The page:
In recent months, as Haitian leaders shifted into high gear to help raise money for construction, some have found themselves increasingly at odds with Catholic Charities, the Haitian center's parent organization. First, they say, they had to fight to get the Haitian center's name on the new building, which will be shared with other groups. Then they had to fight an order closing the old center years before the new center would be completed. Finally, they battled a decision to name a non- Haitian to run their programs.
"Fund-raising regarding the new building has made people believe that this is our building . . . a building of the Haitian people, not a Catholic Charities building where the Haitians would be housed," said Elda James, a Haitian- American lawyer who is part of the newly formed Committee to Preserve the Haitian Multi-Service Center. "I think people feel that perhaps they have been misled."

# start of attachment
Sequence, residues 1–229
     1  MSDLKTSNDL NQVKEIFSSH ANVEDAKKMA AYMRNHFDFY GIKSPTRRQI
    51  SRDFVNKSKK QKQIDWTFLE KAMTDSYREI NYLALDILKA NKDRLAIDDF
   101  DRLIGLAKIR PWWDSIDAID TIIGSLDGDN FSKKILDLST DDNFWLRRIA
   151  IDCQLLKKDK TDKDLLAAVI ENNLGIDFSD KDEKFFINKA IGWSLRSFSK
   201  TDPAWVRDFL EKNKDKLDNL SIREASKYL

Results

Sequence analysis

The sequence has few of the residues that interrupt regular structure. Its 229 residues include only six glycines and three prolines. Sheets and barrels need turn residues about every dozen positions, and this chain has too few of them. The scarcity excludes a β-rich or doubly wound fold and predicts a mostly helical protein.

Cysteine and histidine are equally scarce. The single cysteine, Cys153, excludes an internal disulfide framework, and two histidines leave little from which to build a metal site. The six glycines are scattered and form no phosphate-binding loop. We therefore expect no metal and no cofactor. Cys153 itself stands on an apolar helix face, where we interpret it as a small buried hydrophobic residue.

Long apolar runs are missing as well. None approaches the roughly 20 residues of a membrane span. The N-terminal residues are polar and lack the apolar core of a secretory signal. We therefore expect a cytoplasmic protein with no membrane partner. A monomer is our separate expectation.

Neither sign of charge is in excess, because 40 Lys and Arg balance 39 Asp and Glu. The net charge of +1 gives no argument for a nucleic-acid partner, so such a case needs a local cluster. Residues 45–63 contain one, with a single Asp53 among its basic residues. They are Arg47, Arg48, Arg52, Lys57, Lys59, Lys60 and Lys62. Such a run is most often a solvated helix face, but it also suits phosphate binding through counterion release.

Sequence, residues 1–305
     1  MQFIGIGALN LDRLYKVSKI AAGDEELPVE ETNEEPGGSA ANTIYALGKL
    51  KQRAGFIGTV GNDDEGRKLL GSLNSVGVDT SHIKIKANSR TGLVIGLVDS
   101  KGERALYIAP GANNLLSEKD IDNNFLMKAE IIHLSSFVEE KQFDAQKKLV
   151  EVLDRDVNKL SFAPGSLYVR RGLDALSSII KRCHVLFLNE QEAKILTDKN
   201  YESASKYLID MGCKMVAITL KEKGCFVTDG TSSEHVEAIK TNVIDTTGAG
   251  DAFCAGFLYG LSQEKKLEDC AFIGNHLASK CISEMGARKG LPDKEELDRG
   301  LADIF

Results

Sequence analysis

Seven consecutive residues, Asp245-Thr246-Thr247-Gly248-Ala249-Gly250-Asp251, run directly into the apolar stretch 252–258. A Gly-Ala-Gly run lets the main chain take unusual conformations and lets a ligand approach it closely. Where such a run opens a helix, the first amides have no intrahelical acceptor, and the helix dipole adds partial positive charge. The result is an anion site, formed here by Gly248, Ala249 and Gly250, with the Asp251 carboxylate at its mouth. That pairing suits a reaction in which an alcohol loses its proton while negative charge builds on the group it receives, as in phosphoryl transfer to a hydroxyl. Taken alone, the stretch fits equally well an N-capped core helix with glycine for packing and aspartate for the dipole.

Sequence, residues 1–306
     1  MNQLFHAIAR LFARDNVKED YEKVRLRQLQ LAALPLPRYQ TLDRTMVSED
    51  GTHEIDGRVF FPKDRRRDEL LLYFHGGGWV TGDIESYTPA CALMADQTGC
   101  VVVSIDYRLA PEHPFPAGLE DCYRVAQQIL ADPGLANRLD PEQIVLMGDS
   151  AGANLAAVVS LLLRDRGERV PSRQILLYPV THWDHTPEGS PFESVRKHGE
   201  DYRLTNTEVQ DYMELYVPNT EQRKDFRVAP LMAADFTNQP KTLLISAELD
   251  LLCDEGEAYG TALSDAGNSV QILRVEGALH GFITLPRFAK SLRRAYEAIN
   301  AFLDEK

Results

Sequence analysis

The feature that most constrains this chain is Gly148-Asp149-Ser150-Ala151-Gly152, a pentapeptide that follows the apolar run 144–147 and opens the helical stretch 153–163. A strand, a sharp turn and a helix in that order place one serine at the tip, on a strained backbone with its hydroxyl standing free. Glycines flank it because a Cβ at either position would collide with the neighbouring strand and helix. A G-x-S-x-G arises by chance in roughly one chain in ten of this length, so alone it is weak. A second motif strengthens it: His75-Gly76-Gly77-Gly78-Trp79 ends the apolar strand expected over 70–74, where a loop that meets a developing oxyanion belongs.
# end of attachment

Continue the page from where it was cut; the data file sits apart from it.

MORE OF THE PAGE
1. Archbishop [Sean P. O'Malley] attended a fund-raising banquet for the new Haitian Multi-Service Center earlier this month in Randolph. O'Malley has said he believes the new center should have a Haitian identity. / GLOBE PHOTO / LAURIE SWOPE 2. Instructor Natalie Gautier (center) gave language lessons to Derose Fayette and Anna Robert at the Haitian center. / GLOBE STAFF PHOTO / DINA RUDICK